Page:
Think twice before laughing at those tribal jokes

Friday, June 12th, 2020 00:00 | By
George Floyd death.

We are in the cusp of a cultural revolution. It is starting in the art sector which sits at the very heart of irreversible soft revolution.

The last fortnight has witnessed a rise of social consciousness of the reality of cultural divide in the United States.

Following the death African American George Floyd, Americans of all races were revolted by police brutality.

Rev Al Sharpton, the firebrand preacher, captured it in an anecdote he gave while giving Floyd’s eulogy. 

Years ago, he said, while matching for a cause, a white lady stood up to him and told him, “Nigger, go home”. 

But in the streets of St Paul’s Minneapolis where Floyd was suffocated to death by a knee on his neck, a white girl walked to the veteran activists and with her fist in the air told him, “No justice, no peace”.

For once, the cultural consciousness has hit the cultural industry. The television series, COPS which has been running for nearly three decades was pulled down from the screens this week.

COPS featured police arresting people on the streets and busting crimes. But it framed crime as a white vs black phenomenon with the majority of the criminals being people of colour, while the police, the heroes of the series, often white.

But it is not only COPS that has been pulled down. LIVE PD, another series that featured the black and white world with the blacks on the receiving end of the bad guys also being shelved.

Pallbearers carry the coffin with George Floyd’s body into the church for funeral service in Houston, Texas. Photo/AFP

But these are contemporary productions reflecting the avant garde American culture which, given the linguistic transparency of their grammar of violence, spread across the world like wild fire to perpetuate the portrait of the black man as inherently criminal.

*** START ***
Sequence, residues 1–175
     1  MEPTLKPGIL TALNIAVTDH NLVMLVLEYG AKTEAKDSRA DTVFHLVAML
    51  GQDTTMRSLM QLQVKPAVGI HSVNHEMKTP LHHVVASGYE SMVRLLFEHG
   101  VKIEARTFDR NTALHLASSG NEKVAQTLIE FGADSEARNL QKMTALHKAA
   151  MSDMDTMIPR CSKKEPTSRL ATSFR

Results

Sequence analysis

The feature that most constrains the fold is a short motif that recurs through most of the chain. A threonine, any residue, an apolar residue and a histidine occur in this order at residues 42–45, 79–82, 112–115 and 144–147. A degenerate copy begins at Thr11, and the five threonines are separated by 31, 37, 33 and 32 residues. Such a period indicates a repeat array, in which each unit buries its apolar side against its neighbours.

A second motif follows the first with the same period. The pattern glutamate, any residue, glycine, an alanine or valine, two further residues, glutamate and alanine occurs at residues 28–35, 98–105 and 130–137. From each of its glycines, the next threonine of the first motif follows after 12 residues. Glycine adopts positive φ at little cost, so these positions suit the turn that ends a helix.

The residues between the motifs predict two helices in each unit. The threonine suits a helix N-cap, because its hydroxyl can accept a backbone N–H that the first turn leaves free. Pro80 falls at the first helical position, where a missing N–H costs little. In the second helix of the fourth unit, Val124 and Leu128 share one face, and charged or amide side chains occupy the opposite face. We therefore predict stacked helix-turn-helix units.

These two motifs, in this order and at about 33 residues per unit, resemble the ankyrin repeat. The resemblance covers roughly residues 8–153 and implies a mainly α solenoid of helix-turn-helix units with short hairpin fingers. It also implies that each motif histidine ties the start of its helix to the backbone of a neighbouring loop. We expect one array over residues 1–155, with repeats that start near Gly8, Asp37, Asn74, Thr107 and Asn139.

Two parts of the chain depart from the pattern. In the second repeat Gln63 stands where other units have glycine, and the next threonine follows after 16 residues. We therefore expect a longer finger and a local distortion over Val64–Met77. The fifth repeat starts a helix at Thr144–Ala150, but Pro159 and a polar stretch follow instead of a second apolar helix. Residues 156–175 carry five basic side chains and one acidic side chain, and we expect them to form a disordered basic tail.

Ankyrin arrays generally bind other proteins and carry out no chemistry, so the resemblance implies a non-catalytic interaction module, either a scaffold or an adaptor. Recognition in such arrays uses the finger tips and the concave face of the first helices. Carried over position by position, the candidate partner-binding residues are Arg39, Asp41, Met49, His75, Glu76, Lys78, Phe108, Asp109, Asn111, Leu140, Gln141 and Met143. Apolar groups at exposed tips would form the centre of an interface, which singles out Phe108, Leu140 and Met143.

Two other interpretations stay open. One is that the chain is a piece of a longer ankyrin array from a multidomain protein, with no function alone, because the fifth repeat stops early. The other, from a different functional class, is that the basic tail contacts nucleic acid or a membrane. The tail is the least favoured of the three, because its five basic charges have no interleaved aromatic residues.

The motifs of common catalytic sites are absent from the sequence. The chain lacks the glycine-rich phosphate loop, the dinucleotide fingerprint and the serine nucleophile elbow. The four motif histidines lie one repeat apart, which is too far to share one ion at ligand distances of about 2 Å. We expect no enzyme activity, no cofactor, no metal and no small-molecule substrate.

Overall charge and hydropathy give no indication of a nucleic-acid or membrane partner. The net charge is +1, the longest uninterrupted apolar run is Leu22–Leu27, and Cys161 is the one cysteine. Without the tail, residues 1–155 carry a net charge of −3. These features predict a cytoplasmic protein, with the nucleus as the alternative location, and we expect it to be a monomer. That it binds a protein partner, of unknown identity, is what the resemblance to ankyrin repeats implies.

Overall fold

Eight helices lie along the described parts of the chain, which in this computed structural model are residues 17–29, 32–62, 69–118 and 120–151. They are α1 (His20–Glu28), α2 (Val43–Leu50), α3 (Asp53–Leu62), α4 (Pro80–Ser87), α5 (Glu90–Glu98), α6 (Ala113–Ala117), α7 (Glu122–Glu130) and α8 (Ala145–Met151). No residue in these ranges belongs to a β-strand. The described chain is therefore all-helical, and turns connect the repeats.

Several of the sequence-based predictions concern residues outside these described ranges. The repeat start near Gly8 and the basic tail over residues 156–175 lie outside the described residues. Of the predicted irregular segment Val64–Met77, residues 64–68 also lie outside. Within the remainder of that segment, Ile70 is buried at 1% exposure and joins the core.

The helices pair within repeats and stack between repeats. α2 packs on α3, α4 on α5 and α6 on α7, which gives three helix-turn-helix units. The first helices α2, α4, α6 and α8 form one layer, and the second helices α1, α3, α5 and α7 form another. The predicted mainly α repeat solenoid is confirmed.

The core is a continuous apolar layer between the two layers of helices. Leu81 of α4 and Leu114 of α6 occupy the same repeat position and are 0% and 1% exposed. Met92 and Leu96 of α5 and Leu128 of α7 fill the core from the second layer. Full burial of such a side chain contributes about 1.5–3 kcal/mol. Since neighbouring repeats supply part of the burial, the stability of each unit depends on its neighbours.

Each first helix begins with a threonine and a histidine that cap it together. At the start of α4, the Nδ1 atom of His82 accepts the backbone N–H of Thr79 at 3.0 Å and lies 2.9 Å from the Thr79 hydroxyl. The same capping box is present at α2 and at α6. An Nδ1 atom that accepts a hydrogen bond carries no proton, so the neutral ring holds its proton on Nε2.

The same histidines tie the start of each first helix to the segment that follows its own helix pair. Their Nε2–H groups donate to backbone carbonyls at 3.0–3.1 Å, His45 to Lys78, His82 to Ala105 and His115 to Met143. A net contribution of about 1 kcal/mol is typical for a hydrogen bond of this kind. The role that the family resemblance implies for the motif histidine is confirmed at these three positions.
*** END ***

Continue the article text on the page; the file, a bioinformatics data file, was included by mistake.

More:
The quintessential rendition of life in the South was captured in the all time classic “Gone with the Wind”. It does not glorify the black person. 

“Gone with the wind” permanently froze the black person in servitude. To have it pulled off the shelves as was done this week speaks of a sea change in the consciousness sweeping the world.

In other cities of the US, the images that were put up to immortalise the servitude of black people have, at the very least, been opened to debate whether they should continue to be mounted up. It is the same situation playing out in the UK, if to a lesser degree. 

This is a moment that should not pass us by to address subconscious walls of division and subjugation in our midst.

They exist, not just in the far away USA, but in our neighbourhoods and in our television shows.

The dignity of the individual is constantly trashed at the alter of the quick shilling.

George Floyd. Photo/Courtesy

The currency of many stand up comedians in Kenya is not founded in the depth of their intellectual creativity but peddling of tribal stereotypes.

It is not only confined to lumping certain communities in preordained frames that increasingly enter into excused social space banter, but which invariably get ingrained in social psyche as representative of the community. This eventually leads to how people from the community are treated.

Examples abound. Luhya have been framed as watchmen, cooks and tea and ugali enthusiasts.

Kamba people as this, Luo people as that, the inhabitants of the Coast as the other. People from this community as hard working, from the other as lazy, from yet another as frugal and so on.

Lost in these frames or conveniently forgotten are the social structures that over the years allowed these perceptions to exist and to take root.

Subconsciously, they influence how people interact in society and how the negatively framed are treated and the opportunities they access.

The stereotypical depiction of white and black people is bad in whatever platform. And so is gender based depiction of people or tribe-based characterisation.

Let this moment of cultural consciousness not pass us by to correct our wrongs, or the slippery slope that some of our societies may just be starting on. No sector is better placed to deal with this than the media.

American media is showing the way here, we do well to take note. — The writer is the dean, School of Communication, Daystar University

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